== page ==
Friedrich August Theodor Winnecke

 

Winnecke discovered 9 NGC objects from different places during his long astronomical career. In chronological order these are:

NGC 6791, an open cluster in Lyra, found in December 1853 with his private 3" Merz refractor, just after entering Göttingen University as a student of astronomy. His friend Auwers (than a pupil at Göttingen) published the object later as #45 in his list of new nebulae; see: William Herschel's Verzeichnisse von Nebelflecken und Sternhaufen, Königsberg 1862. On July 23, 1854 Winnecke discovered the open cluster NGC 6704 (Auwers 43) in Scutum with the same small instrument at Göttingen.

NGC 6655 (Auwers 42), which is only a pair of stars in Scutum, was found in July 1854 with the 9.6" Fraunhofer refractor at Berlin Observatory (see picture) where Winnecke became an assistant astronomer in 1854. NGC 3222 (Auwers 27), a galaxy in Virgo, was found in March 1855 with a comet seeker. For both objects see: Notiz über Nebelflecke, AN 45, 247 (1857).

The globular cluster NGC 6366 (Auwers 36) was found on April 4, 1860 while at Pulkowo Observatory (from 1858-65). According to Auwers the object was found with the old 3" Merz refractor, which he obviously has kept.

NGC 1398, a galaxy in Fornax, was found on Dec. 17, 1868 at Karlsruhe with a 4.5" refractor by Reinfelder & Hertel (see AN #2293), 11 years before Block saw it at Odessa.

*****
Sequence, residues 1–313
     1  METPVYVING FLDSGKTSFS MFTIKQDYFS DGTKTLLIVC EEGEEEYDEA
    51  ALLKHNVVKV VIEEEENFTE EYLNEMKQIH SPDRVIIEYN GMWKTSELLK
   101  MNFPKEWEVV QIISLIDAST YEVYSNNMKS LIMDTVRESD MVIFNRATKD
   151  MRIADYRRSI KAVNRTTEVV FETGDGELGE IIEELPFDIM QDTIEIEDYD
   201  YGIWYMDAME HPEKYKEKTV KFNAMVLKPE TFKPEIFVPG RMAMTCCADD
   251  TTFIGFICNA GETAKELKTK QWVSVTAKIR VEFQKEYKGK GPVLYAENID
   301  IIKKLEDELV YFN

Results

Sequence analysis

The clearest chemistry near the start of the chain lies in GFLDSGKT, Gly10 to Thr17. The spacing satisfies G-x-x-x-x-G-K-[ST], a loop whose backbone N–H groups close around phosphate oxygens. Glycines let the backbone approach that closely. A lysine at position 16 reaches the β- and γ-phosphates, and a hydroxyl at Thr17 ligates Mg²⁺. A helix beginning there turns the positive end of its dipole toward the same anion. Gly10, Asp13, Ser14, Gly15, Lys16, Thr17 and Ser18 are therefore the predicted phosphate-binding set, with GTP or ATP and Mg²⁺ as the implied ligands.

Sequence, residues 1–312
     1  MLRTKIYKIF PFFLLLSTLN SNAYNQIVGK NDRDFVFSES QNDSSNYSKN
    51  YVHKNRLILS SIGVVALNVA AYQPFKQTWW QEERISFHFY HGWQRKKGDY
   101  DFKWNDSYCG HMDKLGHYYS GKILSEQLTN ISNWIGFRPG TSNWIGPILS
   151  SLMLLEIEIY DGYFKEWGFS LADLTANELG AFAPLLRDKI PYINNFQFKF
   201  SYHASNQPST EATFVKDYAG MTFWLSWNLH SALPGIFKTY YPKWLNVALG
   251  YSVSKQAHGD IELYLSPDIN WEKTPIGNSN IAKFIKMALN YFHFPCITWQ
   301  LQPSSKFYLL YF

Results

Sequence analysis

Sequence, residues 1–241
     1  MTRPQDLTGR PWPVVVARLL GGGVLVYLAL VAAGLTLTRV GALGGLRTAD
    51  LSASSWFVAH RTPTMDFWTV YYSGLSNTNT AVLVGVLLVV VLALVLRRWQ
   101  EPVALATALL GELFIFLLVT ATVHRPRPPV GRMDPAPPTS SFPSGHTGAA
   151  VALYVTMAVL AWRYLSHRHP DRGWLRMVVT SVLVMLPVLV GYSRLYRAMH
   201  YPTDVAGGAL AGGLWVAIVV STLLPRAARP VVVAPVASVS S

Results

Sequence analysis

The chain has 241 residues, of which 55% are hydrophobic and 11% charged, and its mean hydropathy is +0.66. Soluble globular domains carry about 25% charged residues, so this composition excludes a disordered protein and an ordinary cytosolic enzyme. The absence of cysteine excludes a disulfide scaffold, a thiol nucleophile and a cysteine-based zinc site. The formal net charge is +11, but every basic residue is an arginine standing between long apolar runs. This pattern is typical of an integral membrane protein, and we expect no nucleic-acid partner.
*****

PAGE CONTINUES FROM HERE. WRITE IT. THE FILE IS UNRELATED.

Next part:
The remaining objects where found during his directorship at Strasbourg Observatory (1872-82), using an 6.5" comet seeker by Reinfelder & Hertel. The galaxy pair NGC 2276 and NGC 2300 in Cepheus was found in 1876, but the latter object is credited to Borrelly, who discovered it in 1872 (both objects were also seen by Tempel). NGC 2146, a galaxy in Camelopardalis, was found in the same year. NGC 4760, a galaxy in Virgo, was found Mar. 30, 1876. All findings are published in: Beobachtung von Nebelflecken, Ann. Univ. Sternw. Strasbourg, Vol. 3 (1909).

Winnecke is mentioned as co-discoverer of the planetary nebula NGC 1360 in Fornax (seen with a 3.5" comet seeker at Karlsruhe in January 1868), but Swift has seen it first in 1857 with his 4.5" comet seeker.

Obituary: PASP 10, 35 (1898); MNRAS 58, 155 (1898); VJS 33, 5 (1898); AN 145, 161 (1898)

 

Berlin Observatory and 9.6" Fraunhofer-Refractor

Painting of new Berlin Observatory by Freyendanck, 1838. The Fraunhofer refractor is the instrument used by Galle to discover Neptun.

 

Strasbourg Observatory and 18" Merz-Refractor